). Our findings are consistent with this view and suggest that hyperactive amygdala function contributes to aberrant functional interactions during mathematical problem solving.
Our findings support the notion that math anxiety is stimulus- and situation-specific. Amygdala hyperactivity in the HMA group was observed in conjunction with lower problem-solving accuracy, despite the fact that the HMA group was matched with the LMA group on multiple domain-general measures, including IQ, working memory, reading, and trait anxiety. One mechanism by which anxiety is thought to influence performance is through reduced capacity for working memory, attention, and cognitive-control processes engaged during math problem solving (Beilock & Decaro, 2007
). Two key results support this interpretation. First, compared with the LMA group, children in the HMA group showed reduced responses in regions involved in working memory and attention, including the dorsolateral prefrontal cortex, presupplementary motor area, and basal ganglia (Chang, Crottaz-Herbette, & Menon, 2007
). Second, compared with children in the LMA group, children in the HMA group also showed reduced responses in posterior parietal cortex regions known to play a critical role in numerical and mathematical cognition (Rivera et al., 2005
; Wu et al., 2009
In both children and adults, functional neuroimaging studies have consistently implicated the intraparietal sulcus, within the posterior parietal cortex, as a region specifically involved in the representation and manipulation of numerical quantity (Ansari, 2008
; Dehaene, Piazza, Pinel, & Cohen, 2003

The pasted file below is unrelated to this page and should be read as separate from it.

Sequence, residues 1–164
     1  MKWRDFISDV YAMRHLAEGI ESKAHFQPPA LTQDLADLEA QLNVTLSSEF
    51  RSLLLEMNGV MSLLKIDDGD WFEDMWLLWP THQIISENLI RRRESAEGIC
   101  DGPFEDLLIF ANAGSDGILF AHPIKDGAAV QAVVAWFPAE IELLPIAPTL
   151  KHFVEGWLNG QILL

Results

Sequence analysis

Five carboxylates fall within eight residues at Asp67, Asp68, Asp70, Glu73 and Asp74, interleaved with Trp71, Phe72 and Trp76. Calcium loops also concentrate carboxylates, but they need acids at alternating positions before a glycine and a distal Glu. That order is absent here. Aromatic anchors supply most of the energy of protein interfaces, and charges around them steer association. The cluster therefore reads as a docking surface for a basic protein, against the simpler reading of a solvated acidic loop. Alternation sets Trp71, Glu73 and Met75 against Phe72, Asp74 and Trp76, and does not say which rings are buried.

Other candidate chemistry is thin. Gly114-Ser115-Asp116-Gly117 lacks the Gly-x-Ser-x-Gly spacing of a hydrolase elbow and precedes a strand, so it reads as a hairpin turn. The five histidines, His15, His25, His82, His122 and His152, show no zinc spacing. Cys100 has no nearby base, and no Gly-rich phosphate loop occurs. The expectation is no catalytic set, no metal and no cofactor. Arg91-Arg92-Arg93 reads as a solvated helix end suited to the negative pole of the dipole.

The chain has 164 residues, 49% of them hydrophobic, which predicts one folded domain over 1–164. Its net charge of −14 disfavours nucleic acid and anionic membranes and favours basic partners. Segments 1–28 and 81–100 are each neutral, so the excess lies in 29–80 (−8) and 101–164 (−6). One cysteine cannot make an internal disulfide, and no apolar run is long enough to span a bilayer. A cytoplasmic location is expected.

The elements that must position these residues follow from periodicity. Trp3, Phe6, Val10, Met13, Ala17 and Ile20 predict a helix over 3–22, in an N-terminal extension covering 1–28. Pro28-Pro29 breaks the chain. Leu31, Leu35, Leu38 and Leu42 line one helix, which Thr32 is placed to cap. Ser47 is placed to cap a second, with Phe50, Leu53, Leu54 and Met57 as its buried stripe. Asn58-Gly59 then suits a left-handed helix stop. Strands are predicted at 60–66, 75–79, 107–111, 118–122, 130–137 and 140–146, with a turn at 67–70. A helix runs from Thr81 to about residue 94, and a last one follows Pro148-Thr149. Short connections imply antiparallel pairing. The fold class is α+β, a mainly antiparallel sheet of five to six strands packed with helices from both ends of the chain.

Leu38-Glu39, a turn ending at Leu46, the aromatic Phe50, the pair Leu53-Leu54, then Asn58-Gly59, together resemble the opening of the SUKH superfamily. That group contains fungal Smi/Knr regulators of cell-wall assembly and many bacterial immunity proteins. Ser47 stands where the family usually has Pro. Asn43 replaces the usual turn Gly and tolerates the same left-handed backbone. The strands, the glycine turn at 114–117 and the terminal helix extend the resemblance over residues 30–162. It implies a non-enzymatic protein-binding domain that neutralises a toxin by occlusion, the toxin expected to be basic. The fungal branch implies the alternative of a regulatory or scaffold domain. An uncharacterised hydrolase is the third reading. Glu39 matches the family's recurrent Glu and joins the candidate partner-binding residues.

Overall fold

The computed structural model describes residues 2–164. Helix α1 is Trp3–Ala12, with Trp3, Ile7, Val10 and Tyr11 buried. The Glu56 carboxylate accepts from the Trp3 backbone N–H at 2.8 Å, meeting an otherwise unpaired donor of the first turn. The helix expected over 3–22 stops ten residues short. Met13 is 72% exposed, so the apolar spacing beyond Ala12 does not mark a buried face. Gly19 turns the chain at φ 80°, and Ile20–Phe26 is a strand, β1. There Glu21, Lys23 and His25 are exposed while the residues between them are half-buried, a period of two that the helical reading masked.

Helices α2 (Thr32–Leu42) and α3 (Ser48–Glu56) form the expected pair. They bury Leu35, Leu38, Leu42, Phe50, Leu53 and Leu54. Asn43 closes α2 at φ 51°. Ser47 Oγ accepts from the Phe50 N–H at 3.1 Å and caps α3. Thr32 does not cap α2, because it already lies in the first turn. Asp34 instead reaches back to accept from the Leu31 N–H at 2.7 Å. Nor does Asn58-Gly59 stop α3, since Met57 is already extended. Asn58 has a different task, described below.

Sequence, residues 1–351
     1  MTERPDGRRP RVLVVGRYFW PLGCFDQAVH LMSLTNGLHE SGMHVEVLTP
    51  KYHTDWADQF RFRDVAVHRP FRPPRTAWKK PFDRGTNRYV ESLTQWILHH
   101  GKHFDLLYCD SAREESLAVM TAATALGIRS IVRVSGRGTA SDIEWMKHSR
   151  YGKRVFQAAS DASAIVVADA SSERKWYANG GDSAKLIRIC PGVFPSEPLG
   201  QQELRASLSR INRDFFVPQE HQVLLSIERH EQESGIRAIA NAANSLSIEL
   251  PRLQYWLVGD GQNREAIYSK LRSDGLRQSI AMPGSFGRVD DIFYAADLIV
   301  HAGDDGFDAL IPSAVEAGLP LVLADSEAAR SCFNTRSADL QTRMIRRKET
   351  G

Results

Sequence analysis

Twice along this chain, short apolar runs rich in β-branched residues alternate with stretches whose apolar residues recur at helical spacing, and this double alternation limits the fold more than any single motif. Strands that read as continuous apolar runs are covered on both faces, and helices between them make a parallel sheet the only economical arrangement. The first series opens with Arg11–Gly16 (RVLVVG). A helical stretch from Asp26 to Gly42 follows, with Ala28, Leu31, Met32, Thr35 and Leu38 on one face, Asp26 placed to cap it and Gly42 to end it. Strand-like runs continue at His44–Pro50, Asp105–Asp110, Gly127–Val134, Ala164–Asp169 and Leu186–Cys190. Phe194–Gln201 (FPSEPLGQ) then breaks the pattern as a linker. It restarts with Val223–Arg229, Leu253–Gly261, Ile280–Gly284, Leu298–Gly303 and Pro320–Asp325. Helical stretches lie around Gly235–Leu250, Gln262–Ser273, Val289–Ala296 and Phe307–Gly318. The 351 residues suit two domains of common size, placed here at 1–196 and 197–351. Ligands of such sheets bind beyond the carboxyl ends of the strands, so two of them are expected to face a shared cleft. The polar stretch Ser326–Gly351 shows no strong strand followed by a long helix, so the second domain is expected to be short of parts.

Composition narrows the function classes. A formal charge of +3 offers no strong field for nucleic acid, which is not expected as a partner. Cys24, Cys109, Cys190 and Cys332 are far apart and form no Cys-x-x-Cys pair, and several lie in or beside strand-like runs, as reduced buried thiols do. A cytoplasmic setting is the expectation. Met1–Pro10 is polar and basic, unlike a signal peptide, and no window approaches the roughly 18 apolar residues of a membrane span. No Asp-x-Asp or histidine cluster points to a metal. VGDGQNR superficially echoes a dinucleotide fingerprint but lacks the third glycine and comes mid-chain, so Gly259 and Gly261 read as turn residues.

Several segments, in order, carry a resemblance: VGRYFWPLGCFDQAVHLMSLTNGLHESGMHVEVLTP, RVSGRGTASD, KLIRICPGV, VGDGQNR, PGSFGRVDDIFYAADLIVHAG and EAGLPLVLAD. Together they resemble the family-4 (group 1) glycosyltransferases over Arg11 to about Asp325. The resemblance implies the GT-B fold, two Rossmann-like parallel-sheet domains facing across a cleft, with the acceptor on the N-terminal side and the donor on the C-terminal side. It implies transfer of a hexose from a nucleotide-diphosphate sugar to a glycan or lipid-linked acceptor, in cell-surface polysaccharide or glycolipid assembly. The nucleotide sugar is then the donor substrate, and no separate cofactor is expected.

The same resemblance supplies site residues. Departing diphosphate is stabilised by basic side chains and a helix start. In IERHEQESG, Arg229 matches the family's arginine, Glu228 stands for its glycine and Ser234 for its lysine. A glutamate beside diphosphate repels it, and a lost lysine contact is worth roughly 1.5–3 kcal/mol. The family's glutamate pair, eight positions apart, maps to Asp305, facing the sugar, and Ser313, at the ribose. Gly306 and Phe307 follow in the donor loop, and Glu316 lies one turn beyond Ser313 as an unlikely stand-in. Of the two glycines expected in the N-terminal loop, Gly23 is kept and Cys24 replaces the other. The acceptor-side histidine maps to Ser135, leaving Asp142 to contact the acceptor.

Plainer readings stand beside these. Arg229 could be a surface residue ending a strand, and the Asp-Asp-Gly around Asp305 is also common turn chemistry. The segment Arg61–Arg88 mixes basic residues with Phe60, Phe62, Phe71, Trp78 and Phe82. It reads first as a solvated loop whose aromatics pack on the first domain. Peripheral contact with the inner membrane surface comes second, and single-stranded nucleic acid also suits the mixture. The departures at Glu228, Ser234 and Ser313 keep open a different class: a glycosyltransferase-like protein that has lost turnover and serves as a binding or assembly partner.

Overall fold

). Performance on mathematical information processing also critically involves activation and deactivation in a more distributed network of regions, such as the superior parietal lobule and the angular gyrus (Delazer et al., 2003
; Menon et al., 2000
; Wu et al., 2009
). These observations support our hypothe- sis that math anxiety is associated with reduced cognitive information-processing resources during arithmetic task performance in the developing brain.
It is remarkable that cognitive information-processing deficits arising from math anxiety can be traced to brain regions and circuits that have been consistently implicated in specific phobias and generalized anxiety disorders in adults. In this context, it is also noteworthy that children as young as 7 to 9 years of age can consciously report on their own anxiety in situations involving mathematical problem solving and that the effects of this subjective measure can be traced to individual differences in amygdala response and connectivity. Our findings not only emphasize parallels between math anxiety and other anxiety disorders but also validate math anxiety as a genuine type of stimulus and situation-specific anxiety.
Our study provides new insights into the neurobiological mechanisms and developmental basis of math anxiety in children and highlights the importance of assessing math anxiety at a young age. Brain-imaging data can be particularly useful in the identification of domain-specific and domain-general brain systems related to math anxiety; these identifications can, in turn, be used to design remediation strategies based on treatments that work on other phobias. In addition, studies such as ours can also provide crucial information on how problem solving and reasoning are affected by math and performance anxiety. Further elucidation of the relationship between math anxiety and general academic anxiety as well as the neurodevelopmental mechanisms underlying math anxiety can spur new ways of thinking about early treatment of a disability that has significant implications for an individual’s long-term academic and professional success.